iTunes

Iniciando iTunes Store.Si iTunes no se inicia, haz clic en el icono de la aplicación iTunes en el Dock de Mac o en el escritorio de Windows.Progress Indicator
Abriendo el iBooks Store.Si iBooks no se abre, haz clic en la app iBooks del Dock.Progress Indicator
iTunes

iTunes is the world's easiest way to organize and add to your digital media collection.

No encontramos iTunes en este ordenador. Para usar vista previa y comprar música de The Greatest de Cat Power, descarga iTunes ya.

¿Ya tienes iTunes? Haz clic en Ya tengo iTunes, para que sea activado.

I Have iTunes Descarga gratis
iTunes para Mac y PC

The Greatest

Cat Power

Abre iTunes para escuchar un fragmento, comprar y descargar música.

Reseña de álbum

The Greatest (no, it's not a hits collection) makes it clear just how much Chan Marshall grows with each album she releases. Three years on from You Are Free, she sounds reinvented yet again: Marshall returned to Memphis, TN — where she recorded What Would the Community Think nearly a decade earlier — to make an homage to the Southern soul and pop she listened to as a young girl. Working with great Memphis soul musicians such as Mabon "Teenie" Hodges, Leroy "Flick" Hodges, and Dave Smith, she crafted an album that is even more focused and accessible than You Are Free was, and pushes her even closer toward straightforward singer/songwriter territory. The title track is a subtle but powerful statement of purpose: with its lush, "Moon River" strings and lyrics about a young boy who wanted to become a boxer, the song is as moving as her earlier work but also a big step away from the angst-ridden diary-rock that her music is sometimes categorized as. Likewise, on the gospel-tinged "Living Proof" and the charming "Could We," Marshall is sexy, strong, and playful, and far from the stereotype of her as a frail, howling waif. But the truth is, sweet Southern songs like these have been in her repertoire since What Would the Community Think's "They Tell Me" and "Taking People" (You Are Free's "Good Woman" and "Half of You" are also touchstones for this album); The Greatest is just a more polished, palatable version of this side of her music. This is the most listenable Cat Power album Marshall has made, and one that could easily win her lots of new fans. It's also far from a sell-out — The Greatest sounds like the album Marshall wanted to make, without any specific (or larger) audience in mind. And yet, the very things about The Greatest that make it appealing to a larger audience also make it less singular and sublime than, say, Moon Pix or You Are Free. The productions and arrangements on songs like "Lived in Bars" and "Empty Shell" are so immaculate and intricate that they threaten to overwhelm Marshall's gorgeous voice. And, occasionally, the album's warm, soulful, laid-back vibe goes from mellow to sleepy, particularly on "Willie" and "The Moon." Two of The Greatest's best songs show that she doesn't need to be edgy and tortured or gussied up with elaborate productions to sound amazing: "Where Is My Love" reaffirms that all Marshall needs is a piano and that voice to make absolutely spellbinding music. On the other hand, "Love & Communication"'s modern, complicated take on love gains a quiet intensity with judiciously used strings and keyboards. For what it is, The Greatest is exceedingly well done, and people who have never heard of Cat Power before could very well love this album immediately. However, it might take a little more work for those who have loved her music from the beginning.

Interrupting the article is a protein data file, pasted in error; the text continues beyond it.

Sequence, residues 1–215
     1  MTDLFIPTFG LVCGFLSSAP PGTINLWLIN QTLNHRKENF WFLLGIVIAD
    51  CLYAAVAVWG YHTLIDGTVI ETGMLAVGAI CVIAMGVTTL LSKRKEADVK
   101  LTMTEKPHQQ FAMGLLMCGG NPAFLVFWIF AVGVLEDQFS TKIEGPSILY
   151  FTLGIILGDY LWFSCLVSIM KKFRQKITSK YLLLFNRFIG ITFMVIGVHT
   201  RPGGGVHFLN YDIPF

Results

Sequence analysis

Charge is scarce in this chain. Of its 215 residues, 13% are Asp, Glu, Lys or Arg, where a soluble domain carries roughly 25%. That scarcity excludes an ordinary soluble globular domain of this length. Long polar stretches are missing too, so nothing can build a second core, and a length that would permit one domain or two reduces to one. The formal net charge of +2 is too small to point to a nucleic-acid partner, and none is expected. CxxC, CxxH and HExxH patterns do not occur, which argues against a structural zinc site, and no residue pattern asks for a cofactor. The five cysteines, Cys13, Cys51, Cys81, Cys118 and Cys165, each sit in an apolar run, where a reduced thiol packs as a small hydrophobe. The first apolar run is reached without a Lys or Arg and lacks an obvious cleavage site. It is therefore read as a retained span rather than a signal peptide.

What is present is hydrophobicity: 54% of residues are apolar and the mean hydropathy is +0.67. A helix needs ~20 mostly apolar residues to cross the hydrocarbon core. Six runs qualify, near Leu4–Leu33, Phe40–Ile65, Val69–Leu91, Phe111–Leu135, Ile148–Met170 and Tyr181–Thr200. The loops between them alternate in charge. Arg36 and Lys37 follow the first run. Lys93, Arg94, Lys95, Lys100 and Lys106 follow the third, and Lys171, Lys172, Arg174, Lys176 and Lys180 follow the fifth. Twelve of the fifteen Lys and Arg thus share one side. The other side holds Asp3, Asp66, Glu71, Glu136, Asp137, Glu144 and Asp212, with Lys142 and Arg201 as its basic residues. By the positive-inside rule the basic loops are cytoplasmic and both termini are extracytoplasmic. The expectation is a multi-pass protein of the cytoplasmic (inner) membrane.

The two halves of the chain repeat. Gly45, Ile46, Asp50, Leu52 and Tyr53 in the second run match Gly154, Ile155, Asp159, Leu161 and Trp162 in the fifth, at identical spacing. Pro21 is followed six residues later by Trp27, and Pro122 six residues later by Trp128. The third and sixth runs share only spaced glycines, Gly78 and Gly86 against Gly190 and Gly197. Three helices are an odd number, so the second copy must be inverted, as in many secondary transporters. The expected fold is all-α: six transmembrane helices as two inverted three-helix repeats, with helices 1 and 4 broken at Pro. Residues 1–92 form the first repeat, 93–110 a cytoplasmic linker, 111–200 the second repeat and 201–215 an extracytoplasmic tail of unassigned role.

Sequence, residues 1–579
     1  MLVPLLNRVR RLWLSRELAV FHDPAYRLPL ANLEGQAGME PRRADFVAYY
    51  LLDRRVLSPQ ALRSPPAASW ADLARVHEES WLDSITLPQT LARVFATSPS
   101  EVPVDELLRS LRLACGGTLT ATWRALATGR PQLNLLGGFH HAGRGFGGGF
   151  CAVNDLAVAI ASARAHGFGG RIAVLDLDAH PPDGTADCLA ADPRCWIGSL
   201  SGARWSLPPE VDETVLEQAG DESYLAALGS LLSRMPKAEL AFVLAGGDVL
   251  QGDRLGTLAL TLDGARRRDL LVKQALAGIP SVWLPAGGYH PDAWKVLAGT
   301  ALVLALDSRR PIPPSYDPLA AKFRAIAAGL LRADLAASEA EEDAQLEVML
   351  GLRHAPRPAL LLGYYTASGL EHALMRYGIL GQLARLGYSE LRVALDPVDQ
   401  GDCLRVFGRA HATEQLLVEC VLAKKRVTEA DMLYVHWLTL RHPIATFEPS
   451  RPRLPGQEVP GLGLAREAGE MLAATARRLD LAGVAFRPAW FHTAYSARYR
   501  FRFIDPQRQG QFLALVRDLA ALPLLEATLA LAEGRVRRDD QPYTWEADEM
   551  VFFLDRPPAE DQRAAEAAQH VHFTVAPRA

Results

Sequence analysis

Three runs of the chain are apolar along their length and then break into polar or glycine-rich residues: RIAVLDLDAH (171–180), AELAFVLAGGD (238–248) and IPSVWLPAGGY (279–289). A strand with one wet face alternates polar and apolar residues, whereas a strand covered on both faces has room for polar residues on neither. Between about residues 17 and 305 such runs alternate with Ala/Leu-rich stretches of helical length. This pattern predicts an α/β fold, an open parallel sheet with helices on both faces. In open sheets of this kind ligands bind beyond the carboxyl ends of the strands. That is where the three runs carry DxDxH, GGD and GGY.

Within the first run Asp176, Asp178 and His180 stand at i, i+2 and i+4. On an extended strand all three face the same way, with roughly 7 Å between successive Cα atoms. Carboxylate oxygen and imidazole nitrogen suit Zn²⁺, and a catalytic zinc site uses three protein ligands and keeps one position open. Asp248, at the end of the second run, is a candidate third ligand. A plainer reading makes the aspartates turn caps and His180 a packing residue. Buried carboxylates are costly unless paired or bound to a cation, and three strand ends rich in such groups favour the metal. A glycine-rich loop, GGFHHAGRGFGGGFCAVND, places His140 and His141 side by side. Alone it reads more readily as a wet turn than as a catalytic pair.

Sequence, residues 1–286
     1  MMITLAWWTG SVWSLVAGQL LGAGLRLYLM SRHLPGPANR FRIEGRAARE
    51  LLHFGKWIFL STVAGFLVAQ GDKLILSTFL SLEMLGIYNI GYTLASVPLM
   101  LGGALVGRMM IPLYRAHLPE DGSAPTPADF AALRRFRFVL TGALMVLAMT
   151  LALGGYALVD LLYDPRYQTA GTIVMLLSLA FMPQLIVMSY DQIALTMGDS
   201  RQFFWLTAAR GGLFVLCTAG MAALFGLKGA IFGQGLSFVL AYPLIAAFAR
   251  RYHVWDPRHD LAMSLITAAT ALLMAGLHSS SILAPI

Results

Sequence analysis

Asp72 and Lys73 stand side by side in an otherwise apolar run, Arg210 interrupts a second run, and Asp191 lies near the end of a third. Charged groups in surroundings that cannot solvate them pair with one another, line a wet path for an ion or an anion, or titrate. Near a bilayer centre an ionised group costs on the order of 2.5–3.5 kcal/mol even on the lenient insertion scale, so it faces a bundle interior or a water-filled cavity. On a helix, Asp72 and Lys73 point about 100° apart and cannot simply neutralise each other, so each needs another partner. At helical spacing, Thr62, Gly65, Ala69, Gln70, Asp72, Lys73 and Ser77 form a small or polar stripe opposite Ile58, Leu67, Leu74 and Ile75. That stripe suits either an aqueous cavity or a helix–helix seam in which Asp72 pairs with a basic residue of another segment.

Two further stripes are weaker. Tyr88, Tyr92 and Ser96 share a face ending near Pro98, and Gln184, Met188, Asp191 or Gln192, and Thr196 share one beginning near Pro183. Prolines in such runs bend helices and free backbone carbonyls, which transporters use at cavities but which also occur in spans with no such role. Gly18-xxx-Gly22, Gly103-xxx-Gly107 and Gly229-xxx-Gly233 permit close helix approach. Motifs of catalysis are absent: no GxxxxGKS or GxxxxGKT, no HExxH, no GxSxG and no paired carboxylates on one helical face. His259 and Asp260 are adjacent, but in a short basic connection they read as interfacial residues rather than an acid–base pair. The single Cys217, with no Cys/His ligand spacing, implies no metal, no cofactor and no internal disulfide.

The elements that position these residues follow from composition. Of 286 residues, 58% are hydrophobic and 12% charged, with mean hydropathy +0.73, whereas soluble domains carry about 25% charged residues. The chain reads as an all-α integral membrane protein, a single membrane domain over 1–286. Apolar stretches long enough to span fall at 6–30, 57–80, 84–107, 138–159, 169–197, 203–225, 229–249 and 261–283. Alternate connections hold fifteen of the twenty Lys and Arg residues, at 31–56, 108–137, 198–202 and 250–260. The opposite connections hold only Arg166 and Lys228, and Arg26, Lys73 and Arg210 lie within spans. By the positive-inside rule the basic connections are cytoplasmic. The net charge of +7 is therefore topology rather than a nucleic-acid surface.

Biografía

Nacido(a): 21 de enero de 1972 en Atlanta, GA

Género: Alternativa

Años de actividad: '90s, '00s, '10s

Penning songs that are offbeat in narrative, but literate and emotionally revealing, and performing them in a soulful, idiosyncratic style that reveals both strength and fragility, Cat Power was one of the most acclaimed singer/songwriters to emerge from the 1990s indie rock scene, a one of a kind artist unafraid...
Biografía completa